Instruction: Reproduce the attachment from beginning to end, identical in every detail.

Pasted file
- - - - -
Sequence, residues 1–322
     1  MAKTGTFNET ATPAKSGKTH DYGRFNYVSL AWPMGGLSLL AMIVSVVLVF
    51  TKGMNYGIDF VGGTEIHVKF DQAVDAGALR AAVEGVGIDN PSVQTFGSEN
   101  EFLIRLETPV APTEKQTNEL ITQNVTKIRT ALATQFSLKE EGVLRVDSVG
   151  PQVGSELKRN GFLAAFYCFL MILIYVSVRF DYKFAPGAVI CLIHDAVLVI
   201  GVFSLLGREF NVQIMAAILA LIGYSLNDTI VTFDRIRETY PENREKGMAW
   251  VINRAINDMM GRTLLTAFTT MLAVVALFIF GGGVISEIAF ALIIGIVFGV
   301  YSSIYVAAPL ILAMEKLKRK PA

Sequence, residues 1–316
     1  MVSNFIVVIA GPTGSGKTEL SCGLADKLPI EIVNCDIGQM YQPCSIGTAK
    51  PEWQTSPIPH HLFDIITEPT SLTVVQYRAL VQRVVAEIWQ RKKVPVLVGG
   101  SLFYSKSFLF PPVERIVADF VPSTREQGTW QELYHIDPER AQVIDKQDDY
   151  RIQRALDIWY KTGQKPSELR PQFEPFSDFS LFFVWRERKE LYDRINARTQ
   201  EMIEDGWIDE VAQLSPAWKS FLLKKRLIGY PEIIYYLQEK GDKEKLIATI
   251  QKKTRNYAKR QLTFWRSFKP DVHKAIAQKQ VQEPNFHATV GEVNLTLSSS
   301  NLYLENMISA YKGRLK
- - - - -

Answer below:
Sequence, residues 1–322
     1  MAKTGTFNET ATPAKSGKTH DYGRFNYVSL AWPMGGLSLL AMIVSVVLVF
    51  TKGMNYGIDF VGGTEIHVKF DQAVDAGALR AAVEGVGIDN PSVQTFGSEN
   101  EFLIRLETPV APTEKQTNEL ITQNVTKIRT ALATQFSLKE EGVLRVDSVG
   151  PQVGSELKRN GFLAAFYCFL MILIYVSVRF DYKFAPGAVI CLIHDAVLVI
   201  GVFSLLGREF NVQIMAAILA LIGYSLNDTI VTFDRIRETY PENREKGMAW
   251  VINRAINDMM GRTLLTAFTT MLAVVALFIF GGGVISEIAF ALIIGIVFGV
   301  YSSIYVAAPL ILAMEKLKRK PA

Sequence, residues 1–316
     1  MVSNFIVVIA GPTGSGKTEL SCGLADKLPI EIVNCDIGQM YQPCSIGTAK
    51  PEWQTSPIPH HLFDIITEPT SLTVVQYRAL VQRVVAEIWQ RKKVPVLVGG
   101  SLFYSKSFLF PPVERIVADF VPSTREQGTW QELYHIDPER AQVIDKQDDY
   151  RIQRALDIWY KTGQKPSELR PQFEPFSDFS LFFVWRERKE LYDRINARTQ
   201  EMIEDGWIDE VAQLSPAWKS FLLKKRLIGY PEIIYYLQEK GDKEKLIATI
   251  QKKTRNYAKR QLTFWRSFKP DVHKAIAQKQ VQEPNFHATV GEVNLTLSSS
   301  NLYLENMISA YKGRLK